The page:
“While the guidelines claim to protect the freedom of children to refuse their parents’ religion, in fact they put at risk both their freedom to embrace and practice it and the parents’ right to educate them in their religion specifically protected by Article 18 [paragraph] 4 of the International Covenant on Civil and Political Rights (ICCPR). The guidelines contain numerous provisions that declare as ‘child abuse’ normal parental decision-making that many would consider to be beneficial or certainly not harmful. Applied literally, the guidelines would outlaw practices of many Christian churches, as well as practices of Islam and Judaism.”

The reports are premised on “an unprecedented interpretation of religious freedom, one which eradicates the right of parents to pass their faith tradition on to their children … There is not a democratic country in the world that has this understanding of religious freedom.”

Associate Professor Seigi Shibata, Hanan University (Osaka), an expert in religious freedom issues, and attorney Minori Morimoto (Tokyo), an expert in family law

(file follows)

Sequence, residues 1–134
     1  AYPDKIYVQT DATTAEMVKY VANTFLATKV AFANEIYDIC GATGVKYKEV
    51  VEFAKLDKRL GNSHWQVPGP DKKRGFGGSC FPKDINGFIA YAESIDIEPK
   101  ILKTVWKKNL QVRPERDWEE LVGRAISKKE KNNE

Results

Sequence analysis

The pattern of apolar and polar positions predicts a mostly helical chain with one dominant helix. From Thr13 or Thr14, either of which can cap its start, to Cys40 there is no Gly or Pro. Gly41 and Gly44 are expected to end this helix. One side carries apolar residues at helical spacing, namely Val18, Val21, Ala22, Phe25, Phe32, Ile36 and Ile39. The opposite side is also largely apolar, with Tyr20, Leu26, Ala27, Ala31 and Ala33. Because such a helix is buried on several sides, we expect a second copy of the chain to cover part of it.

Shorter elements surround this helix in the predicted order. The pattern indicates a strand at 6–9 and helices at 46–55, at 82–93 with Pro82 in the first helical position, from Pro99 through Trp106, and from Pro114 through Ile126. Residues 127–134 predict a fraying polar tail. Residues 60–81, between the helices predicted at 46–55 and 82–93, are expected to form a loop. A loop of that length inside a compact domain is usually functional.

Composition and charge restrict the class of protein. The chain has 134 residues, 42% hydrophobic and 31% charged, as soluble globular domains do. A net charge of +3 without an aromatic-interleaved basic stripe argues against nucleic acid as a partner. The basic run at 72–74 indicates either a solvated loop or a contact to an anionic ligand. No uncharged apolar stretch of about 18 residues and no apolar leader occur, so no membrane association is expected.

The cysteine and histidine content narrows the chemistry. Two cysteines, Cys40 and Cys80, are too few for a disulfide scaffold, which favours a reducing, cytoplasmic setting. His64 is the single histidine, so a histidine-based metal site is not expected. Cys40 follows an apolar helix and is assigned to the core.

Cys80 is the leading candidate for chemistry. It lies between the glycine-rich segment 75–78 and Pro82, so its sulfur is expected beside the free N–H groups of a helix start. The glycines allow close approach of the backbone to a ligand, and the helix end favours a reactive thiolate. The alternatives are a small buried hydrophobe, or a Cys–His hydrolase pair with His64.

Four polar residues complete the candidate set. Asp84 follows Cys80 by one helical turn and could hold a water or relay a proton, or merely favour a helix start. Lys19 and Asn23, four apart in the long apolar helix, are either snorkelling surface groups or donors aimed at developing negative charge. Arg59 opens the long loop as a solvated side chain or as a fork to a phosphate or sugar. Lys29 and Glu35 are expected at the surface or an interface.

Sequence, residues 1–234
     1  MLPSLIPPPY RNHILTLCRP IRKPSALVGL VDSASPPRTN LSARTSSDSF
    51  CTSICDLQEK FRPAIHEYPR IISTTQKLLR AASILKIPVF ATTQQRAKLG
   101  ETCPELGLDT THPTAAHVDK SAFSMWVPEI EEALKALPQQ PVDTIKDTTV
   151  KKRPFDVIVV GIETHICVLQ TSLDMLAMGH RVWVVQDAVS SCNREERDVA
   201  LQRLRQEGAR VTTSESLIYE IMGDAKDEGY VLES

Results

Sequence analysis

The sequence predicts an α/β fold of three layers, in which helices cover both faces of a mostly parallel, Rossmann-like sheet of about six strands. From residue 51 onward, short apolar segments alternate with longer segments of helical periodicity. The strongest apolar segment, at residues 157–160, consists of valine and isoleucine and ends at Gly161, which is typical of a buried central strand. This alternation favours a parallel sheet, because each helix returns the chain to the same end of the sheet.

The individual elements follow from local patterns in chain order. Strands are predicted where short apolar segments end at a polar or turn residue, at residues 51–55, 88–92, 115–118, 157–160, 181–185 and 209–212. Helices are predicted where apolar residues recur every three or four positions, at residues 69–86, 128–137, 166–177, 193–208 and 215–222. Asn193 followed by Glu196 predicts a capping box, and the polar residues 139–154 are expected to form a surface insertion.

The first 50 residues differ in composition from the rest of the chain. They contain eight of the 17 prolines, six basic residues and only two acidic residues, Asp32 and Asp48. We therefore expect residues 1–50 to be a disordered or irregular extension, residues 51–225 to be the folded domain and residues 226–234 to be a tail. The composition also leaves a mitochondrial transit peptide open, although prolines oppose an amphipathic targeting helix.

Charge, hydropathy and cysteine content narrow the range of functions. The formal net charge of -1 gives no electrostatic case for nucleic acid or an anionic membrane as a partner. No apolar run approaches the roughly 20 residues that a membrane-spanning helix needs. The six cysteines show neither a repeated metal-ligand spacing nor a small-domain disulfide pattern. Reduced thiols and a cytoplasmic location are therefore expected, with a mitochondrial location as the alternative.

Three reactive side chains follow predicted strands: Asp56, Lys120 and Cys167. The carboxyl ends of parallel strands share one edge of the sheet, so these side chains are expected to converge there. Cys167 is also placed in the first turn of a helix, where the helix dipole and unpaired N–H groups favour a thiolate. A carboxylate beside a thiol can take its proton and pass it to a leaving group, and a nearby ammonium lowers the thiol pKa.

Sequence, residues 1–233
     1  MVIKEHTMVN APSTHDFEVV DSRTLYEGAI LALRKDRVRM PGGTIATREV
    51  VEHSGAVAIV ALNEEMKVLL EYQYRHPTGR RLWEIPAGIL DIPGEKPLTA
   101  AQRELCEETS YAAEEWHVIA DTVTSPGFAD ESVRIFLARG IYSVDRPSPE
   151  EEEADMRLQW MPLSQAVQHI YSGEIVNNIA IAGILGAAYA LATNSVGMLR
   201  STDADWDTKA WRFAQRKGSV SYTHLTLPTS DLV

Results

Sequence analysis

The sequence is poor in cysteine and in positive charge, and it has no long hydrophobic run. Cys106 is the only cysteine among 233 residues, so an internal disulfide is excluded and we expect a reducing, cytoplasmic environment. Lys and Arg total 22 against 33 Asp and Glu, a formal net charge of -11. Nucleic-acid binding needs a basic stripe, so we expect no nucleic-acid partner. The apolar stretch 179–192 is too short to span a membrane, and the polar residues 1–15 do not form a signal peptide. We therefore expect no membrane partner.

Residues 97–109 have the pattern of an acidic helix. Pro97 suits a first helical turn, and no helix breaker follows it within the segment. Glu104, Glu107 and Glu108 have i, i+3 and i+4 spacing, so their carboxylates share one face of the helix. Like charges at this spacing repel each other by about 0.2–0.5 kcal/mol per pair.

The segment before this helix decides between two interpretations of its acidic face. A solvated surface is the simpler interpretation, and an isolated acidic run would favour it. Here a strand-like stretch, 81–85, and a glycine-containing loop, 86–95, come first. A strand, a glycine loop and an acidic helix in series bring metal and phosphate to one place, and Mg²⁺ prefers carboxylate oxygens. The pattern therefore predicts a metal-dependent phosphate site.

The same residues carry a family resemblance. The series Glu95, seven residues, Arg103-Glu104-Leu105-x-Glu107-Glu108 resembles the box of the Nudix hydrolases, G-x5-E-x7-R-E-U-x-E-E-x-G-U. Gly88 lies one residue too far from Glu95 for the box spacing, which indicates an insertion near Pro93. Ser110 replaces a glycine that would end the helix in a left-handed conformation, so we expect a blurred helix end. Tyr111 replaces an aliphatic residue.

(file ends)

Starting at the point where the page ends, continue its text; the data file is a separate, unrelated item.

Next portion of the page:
“In Russia, … ‘counter-extremism’ measures have been used to suppress groups or individuals with views differing from those of the government … Similarly, the current ‘Q&A’ concept of ‘child abuse’ may similarly violate the basic human rights of groups or individuals … under the pretext of ‘addressing abuse’.”

Additionally, in response to the criticism Jehovah’s Witnesses have received in Japan over the past year, an independent research team conducted the largest-ever quantitative study on Jehovah’s Witnesses in Japan, surveying over 7,600 participants. The preliminary findings were released in January 2024. An academic advisory committee of international scholars reviewed the research design, examined the data for validity, and approved the summary report. You can access the summary using this link.

Further reading about FORB in Japan on HRWF website